Phase Three: The Big Ones.

A couple of the recommendations involve significant change that we will make or study over the coming months. A major change that I’ve already made is the consolidation of all projects under one editor, Marc Duvoisin. From now on, any story that requires a full page jump is a project. We also will be more disciplined about the projects we undertake. Project reporting is vital to the future of the paper. The consolidation of this kind of work under Marc will put the full force and resources of the Los Angeles Times behind our signature stories. In return, reporters and editors will be challenged to earn that signature.

The Reinvent report also recommended revitalizing local coverage. We will do that starting immediately with our new metro editor David Lauter. John Arthur will take the lead in working with David to restructure our coverage of Southern California. The report recommended changes in the pacing and content of the A-section, too. We will examine this issue in the coming weeks with input from all interested parties.

I am also appointing Russ Stanton to head a group to look at the Monday paper, our weakest circulation day. The Monday problem is chronic and we simply must fix it. It will require creativity, patience and teamwork. You can expect to hear progress on this and our local initiatives later this year and early in 2008.

Finally, I’ve asked Sean Reily to explore numerous initiatives to raise the newsroom’s profile on local radio and television and to come up with newsroom ideas to appropriately generate revenue. He has had meetings with radio and television representatives to gauge their interest and see if there are mutually beneficial steps toward Times-branded programming. We will keep you posted on those efforts.

As we move into these three phases of improving the newspaper, I will amend the evaluation process to reflect the need for everyone to become more engaged in contributing to latimes.com. I will share details of these plans once they have been finalized.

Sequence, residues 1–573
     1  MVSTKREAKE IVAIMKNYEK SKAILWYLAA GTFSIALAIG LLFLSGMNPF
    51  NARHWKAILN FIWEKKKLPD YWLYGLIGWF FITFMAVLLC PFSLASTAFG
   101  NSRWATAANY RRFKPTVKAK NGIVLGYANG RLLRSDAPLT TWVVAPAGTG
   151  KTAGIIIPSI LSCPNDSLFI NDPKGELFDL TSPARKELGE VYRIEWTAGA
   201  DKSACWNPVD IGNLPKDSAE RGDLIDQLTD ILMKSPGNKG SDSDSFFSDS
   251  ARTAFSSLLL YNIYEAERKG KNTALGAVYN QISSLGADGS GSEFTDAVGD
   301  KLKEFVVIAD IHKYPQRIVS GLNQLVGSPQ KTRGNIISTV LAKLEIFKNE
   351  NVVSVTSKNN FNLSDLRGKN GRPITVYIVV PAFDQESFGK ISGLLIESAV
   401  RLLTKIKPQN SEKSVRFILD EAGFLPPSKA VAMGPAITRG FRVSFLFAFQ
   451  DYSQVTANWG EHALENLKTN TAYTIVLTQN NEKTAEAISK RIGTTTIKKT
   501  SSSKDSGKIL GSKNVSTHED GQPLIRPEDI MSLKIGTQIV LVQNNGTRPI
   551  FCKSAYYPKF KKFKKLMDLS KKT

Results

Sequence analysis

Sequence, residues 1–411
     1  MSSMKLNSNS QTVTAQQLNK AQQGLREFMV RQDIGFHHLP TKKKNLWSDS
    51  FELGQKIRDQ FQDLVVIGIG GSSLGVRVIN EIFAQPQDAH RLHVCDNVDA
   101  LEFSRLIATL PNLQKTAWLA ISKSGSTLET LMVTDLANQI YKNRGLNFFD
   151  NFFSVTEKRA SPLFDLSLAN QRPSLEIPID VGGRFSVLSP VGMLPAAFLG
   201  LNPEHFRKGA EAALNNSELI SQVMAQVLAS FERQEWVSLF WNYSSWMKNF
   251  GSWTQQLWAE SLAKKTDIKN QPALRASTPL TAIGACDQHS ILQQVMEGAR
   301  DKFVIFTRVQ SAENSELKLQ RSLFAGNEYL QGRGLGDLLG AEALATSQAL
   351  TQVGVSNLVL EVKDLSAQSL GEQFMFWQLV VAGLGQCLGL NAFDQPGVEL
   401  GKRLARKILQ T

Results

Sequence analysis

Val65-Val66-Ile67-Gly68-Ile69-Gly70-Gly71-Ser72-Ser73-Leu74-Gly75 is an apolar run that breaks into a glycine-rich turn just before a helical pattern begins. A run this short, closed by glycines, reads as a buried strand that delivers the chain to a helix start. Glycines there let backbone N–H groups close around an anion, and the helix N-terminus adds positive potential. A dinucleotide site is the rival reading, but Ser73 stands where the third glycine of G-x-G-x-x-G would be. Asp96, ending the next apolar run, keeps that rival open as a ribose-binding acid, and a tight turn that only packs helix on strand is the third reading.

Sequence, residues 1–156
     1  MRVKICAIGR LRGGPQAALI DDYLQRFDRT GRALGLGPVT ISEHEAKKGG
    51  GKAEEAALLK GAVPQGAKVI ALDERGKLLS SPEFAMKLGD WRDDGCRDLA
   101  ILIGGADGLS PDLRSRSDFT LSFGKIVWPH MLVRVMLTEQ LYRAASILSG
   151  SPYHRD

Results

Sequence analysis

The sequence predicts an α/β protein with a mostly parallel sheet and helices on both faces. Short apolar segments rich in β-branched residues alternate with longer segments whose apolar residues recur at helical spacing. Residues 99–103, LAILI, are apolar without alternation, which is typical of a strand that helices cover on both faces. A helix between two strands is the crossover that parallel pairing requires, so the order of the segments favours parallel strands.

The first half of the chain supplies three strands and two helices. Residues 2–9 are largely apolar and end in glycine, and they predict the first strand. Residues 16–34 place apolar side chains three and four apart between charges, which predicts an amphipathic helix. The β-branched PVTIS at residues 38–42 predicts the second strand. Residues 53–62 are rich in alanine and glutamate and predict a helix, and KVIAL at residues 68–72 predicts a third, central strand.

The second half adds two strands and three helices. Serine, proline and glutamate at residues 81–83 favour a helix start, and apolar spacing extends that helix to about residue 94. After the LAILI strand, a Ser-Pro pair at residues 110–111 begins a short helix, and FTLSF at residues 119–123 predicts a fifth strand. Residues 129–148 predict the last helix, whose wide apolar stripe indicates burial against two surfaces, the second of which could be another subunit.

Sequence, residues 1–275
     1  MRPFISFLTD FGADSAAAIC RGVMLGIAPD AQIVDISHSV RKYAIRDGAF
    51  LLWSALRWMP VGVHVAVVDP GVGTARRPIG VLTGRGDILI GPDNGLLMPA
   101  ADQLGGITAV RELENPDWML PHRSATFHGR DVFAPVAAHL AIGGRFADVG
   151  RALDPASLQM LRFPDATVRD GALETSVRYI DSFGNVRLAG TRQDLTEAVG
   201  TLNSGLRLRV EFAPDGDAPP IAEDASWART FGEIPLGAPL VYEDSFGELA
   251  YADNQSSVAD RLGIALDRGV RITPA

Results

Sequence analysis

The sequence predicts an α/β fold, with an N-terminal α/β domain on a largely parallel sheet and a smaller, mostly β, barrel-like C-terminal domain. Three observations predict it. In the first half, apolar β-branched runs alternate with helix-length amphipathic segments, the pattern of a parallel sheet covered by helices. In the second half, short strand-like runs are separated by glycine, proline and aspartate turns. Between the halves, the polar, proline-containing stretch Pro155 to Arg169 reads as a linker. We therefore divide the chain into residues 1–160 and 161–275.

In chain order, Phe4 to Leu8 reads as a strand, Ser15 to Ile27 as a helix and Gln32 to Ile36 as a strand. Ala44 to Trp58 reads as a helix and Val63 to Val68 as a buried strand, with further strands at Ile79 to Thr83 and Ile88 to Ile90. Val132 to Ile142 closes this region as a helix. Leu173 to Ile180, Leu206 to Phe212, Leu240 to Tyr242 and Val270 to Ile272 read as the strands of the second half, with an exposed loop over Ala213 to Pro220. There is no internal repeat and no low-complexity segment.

Within a few weeks, I will have been editor of the Times for one year. This has been a challenging year but also an extremely rewarding one. My one regret is I haven’t become better acquainted with all of you, a deficit that I intend to remedy. I also intend to become more involved in our news coverage and projects. I am looking forward to that.

The next year will be a challenging one with a change of ownership. I know it is tempting to sit back and wait to see how this all plays out. That would be a mistake. I intend to move forward now and accelerate some of the changes that our Spring Street and Reinvent reports recommended. The staff members who created these reports did great work. These are steps that you — the staff — recommended. And now we are going to embark on the course you set. The challenges outlined in these reports will create a new future, one that will be better than the troubled years we’ve all experienced. I remain determined to create growth. I refuse to accept the conventional wisdom that newspapers and the Los Angeles Times in particular are doomed. We have more talent, creativity and potential energy in this building and in our bureaus around the nation and world than any other media organization. Everyday we produce something vital to our city, region, state, nation and world — excellent news coverage, the key to our future.

Thanks so much,